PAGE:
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Join Date: 17 May 2007
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Quote:
Originally Posted by gregory
Has anyone here been given a cold laminated deck that started to peel and put it trough a hot laminator to fix ?? (not the CARD peeling, ONLY the laminate...) My cold laminator won't take single cards that I can see...
Yes, I tried that with the cards that were separating, and it does not work.

So, first they were cold laminated, then used a lot, then separated
(not all of the deck but probably about 1/3 of the cards in the deck).

I did run them through a hot laminator and it did not seal the separation because
the separation was actually the card stock (in the center) that separated.

So the cold laminator works perfectly...and I am thinking it is the paper that is
the problem. The cold lamination film with the Xyron 9 or 5 does NOT peel off the corners.
It is the paper separating actually.

So, you only have need for a cold Xyron laminator with ROLL lamination...
it is so easy and looks great and wears great, but it is so strong on the
corners that it pulls on the card stock, thus causing the card stock to
separate from itself. It tends to pull from the FRONT not the back.
So you then have a very thin front corner laminate that still has the 'image'
of the card adhered to it, but most of the rest of the card stock has separated
from this. The back corner is stable because it has most of the card stock
still adhered to it.

So, I am inclined now, to think that maybe there is a process in which we
might be able to 'strengthen' all of the corners BEFORE lamination! What a
great idea, thank you, aurarcana.

I think, maybe, we should pursue along the lines of 'sealing the corners' before lamination.
Note: I have tried a sealant on the face and the back of the cards
but it tends to leave lines and shows through the lamination. I have tried thinning
down the sealant with water, but then it 'curls' the card stock way too much.
I never thought about JUST sealing the corners only...what a great idea!

Except, if you want to do that BEFORE lamination (which makes sense),
then you would have to cut the cards out BEFORE lamination and that
means you couldn't use the Xyron 9 machine and you would have to use
the Xyron 5 machine instead...at a GREATER COST...only 18' per roll verses
about 40 to 50' per roll. YIKES...that is a big difference.

So, since I only make my cards for 'myself'...I do not sell cards I make...
then it probably makes better sense, for me, to just 'glue' the corners when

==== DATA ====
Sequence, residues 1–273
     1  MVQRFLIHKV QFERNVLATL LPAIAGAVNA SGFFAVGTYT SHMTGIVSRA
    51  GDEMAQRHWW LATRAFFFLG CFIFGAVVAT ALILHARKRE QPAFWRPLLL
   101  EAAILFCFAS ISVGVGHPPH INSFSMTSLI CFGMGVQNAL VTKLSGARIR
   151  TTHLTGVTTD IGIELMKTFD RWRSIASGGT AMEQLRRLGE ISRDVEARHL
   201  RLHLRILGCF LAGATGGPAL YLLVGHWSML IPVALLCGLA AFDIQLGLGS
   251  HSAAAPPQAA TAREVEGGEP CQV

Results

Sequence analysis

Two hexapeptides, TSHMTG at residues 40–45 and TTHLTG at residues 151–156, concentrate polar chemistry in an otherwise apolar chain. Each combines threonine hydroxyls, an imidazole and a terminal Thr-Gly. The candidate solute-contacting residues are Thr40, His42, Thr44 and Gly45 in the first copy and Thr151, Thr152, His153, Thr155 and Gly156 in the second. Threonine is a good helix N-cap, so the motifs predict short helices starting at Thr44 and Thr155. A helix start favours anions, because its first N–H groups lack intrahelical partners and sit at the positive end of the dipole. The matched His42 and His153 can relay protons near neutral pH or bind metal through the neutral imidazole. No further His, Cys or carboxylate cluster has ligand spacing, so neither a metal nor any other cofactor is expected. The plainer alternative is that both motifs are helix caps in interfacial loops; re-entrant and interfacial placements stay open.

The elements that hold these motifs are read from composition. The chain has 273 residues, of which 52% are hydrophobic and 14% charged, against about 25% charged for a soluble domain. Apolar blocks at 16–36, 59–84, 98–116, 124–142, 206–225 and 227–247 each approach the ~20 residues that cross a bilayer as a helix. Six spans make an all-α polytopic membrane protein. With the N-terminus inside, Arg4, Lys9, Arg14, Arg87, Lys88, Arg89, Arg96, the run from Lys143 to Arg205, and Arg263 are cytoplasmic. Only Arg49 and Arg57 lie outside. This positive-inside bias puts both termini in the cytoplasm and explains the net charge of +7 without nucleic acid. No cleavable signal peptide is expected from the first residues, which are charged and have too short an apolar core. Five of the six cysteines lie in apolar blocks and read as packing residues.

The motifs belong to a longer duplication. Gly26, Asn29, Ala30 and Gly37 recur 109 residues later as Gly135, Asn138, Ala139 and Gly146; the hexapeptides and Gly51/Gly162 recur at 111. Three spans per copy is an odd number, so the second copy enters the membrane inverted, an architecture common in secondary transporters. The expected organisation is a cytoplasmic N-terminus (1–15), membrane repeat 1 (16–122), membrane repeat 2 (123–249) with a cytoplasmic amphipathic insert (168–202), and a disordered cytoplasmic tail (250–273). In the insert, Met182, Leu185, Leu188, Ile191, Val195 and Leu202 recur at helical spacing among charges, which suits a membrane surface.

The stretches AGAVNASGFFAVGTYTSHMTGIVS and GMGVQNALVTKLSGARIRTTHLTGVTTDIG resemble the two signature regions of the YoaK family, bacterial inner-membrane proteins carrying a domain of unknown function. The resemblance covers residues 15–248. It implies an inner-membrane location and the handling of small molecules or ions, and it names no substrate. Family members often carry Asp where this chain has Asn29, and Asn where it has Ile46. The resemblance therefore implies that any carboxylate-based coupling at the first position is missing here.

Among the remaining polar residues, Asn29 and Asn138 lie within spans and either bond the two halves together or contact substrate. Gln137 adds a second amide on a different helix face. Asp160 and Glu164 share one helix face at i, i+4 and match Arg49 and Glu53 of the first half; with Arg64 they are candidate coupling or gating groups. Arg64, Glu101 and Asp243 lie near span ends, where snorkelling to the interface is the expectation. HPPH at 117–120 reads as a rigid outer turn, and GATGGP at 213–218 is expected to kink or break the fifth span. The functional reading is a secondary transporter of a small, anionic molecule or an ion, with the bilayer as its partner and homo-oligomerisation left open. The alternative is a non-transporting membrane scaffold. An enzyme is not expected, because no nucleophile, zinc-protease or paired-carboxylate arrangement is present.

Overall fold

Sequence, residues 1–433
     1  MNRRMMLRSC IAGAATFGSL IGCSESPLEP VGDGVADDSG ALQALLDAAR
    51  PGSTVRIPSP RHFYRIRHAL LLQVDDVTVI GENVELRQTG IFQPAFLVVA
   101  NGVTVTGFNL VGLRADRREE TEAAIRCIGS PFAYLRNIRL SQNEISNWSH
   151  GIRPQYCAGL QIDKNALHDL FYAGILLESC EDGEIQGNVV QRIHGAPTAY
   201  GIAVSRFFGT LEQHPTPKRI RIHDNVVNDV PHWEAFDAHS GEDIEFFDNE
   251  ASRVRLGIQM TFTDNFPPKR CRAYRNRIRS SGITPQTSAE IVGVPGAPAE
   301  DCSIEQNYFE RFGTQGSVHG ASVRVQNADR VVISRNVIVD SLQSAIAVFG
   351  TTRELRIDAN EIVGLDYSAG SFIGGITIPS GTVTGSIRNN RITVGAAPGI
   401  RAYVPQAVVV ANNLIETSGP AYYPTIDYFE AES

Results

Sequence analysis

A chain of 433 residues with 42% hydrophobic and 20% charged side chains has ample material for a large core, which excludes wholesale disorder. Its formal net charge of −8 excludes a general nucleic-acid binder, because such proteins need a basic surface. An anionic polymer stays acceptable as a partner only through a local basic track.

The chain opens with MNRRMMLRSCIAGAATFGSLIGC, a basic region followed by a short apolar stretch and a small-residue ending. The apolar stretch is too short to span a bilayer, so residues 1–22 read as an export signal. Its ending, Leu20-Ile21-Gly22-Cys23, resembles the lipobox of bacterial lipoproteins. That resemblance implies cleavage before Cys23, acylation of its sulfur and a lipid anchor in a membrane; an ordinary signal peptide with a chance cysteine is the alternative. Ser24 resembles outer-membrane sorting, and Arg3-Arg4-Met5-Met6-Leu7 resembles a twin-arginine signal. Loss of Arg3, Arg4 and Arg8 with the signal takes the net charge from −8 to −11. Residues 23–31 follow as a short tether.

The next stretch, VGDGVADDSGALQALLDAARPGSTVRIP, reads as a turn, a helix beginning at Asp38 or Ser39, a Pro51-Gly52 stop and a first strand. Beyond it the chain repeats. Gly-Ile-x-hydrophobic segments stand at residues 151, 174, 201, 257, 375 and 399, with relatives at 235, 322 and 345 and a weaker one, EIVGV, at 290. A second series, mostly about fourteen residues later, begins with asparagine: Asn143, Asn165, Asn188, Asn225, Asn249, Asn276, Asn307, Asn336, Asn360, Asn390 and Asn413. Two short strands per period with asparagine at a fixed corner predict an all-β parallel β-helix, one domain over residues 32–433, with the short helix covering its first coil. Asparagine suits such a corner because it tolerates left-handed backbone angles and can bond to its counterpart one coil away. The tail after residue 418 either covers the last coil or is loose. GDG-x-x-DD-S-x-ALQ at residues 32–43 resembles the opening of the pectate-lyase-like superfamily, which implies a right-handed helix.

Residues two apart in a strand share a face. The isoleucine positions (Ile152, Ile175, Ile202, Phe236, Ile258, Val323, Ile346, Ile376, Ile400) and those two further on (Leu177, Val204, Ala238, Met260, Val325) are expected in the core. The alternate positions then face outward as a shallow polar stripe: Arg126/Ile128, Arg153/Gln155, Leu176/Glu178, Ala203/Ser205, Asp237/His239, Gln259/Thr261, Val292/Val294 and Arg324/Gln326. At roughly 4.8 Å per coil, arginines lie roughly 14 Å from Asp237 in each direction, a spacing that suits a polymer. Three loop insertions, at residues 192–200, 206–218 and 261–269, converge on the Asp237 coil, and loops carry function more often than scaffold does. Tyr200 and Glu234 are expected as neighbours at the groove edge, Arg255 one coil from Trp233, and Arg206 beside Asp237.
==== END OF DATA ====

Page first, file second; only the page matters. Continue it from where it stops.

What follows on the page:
the fluff and separate. If someone is selling them, then they would have to
cut out each card from the card stock page, then seal the corner somehow,
then laminate on the manual cold xyron 5" laminator. It adheres much better
than the hot lamination pouches talked about here. As I said above, the main
drawback this way, is the cost effectiveness.


RE: corner rounder
Then, after laminating, I cut the cards out, and then I use my manual corner rounder
(Lassco model 20) that I bought on ebay for around $149. BUT worth it...every penny)
The very thin lamination from the Xyron machines is NOT a problem with my
corner rounder machine and the process for rounding a whole deck only takes minutes.
The corner rounder instructions say you can do many at once, but I only do
one at a time because I want it 'precise'...since I am a very detailed and precise person...

A word about the 'cold' Xyron lamination.
I find it so much better than hot lamination because it is never stiff ... very
nice and flexible. And if you want thicker cards, just up the paper weight you use.
Thinner cards? ...of course, lower the paper weight.

BTW, since gregory is using a 120 gsm card stock (which is a 32# weight in the usa),
she probably doesn't have as much problem with the card stock itself separating.

For me, the 32# paper with a 3 mil hot pouch would be thinner, but I think,
still to 'stiff.' I am thinking of experimenting with a 58# paper next and see
if it is too thin with the xyron lamination. I think it will be too thin, for me.

Re: 12 mil card stock
I recently found that different 'brands,' that list the same 12 mil thickness,
are actually not the same. Some brands say 12 mil but are a little thinner than 12 mil! ...go figure
So then that can make a difference. You just have to do a lot of experimenting.

If anyone has any ideas on how to 'reinforce' the corners BEFORE peeling,
that would be very helpful to post in this thread...

tarotlyn
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